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The Lantern Man

The Lantern Man is one version of the common Will o’ the Wisp or Jack o’ Lantern phenomena within Norfolk and the haunted fens. This supernatural belief has many variations throughout Britain.

The Lantern man was always thought to be dangerous and in many accounts would attack whoever came into his vicinity, rather than the usual role of most will o’ the Wisps who lure travellers to treacherous areas.

The visualisation of a man carrying a lantern is also more formal than usual sprite although it was still believed to be a form of marsh gas. A last resort to stand a chance of survival was to fall on the ground and hold your breath which is telling if belief was related to noxious gases escaping from the mire.

The Lantern man is mentioned in the 1900 copy of Eastern Counties magazine, where a novel way of escaping the Lantern man’s clutches is outlined. If two men were on opposite sides of a field and the Lantern man approached whistling would draw its attention, and in this way 2 travellers could whistle in turn and if they were far enough apart lure the Lantern man to and fro until they escaped to safety.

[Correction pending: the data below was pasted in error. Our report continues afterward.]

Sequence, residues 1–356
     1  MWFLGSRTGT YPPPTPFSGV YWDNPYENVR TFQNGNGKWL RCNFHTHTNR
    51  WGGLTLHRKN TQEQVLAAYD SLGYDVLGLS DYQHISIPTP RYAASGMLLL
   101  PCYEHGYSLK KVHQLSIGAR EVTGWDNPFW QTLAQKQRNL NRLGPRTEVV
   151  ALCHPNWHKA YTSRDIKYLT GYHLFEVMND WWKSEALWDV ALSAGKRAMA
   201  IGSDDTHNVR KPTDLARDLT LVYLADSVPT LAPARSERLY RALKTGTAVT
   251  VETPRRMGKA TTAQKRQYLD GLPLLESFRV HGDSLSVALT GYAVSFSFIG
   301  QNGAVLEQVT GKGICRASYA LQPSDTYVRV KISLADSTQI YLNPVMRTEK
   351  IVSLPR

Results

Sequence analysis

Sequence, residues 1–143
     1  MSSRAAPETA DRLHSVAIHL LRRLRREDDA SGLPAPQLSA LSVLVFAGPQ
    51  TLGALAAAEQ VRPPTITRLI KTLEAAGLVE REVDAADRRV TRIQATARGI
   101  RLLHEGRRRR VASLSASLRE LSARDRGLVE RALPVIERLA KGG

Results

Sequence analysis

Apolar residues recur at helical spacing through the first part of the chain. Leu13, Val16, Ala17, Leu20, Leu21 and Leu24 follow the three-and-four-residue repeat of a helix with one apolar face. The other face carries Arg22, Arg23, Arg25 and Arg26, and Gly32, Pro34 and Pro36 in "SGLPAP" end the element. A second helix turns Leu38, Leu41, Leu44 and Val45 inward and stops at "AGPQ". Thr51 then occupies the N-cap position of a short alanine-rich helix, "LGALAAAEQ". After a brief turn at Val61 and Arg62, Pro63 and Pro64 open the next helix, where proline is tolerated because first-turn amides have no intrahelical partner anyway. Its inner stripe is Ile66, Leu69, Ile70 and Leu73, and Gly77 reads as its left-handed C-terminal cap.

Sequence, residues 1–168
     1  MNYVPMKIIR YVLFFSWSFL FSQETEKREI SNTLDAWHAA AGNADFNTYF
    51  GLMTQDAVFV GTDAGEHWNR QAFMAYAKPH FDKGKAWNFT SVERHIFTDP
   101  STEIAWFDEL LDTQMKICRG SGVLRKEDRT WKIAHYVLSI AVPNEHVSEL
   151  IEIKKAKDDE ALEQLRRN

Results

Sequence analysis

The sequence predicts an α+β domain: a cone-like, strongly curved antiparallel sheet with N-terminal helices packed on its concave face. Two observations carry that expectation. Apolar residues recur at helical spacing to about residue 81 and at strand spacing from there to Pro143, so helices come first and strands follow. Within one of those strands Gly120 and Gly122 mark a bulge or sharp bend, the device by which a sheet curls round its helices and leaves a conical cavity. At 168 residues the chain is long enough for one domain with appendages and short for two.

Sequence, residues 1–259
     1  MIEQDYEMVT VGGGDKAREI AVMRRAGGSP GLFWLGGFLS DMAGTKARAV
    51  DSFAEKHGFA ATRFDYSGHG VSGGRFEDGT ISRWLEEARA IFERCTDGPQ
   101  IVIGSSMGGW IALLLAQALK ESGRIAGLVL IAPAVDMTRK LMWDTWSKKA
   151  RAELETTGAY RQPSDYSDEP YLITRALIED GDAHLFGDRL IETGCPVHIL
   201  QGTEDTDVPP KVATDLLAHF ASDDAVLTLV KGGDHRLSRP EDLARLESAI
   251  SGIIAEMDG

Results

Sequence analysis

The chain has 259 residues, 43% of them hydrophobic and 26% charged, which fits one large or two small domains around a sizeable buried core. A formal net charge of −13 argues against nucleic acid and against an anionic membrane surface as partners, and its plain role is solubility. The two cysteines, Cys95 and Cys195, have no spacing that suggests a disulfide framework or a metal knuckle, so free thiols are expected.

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Re: The Lantern Man

      One of the most famous US "spooklights" was the "Maco Light" at Maco, North Carolina, which seemed to run along the local railroad tracks.

     The common folk-belief was that the Light was a lantern carried by "Old Joe" the ghostly brakeman who been accidentally struck and decapitated by a locomotive decades earlier. Joe was continuallyy searching for his missing head. (Tho how he was supposed to SEE it, I dunno.)

       But here's the strangest park - when the line was abandoned and the tracks torn up, in fairly recent years, the Light permanently disappeared!



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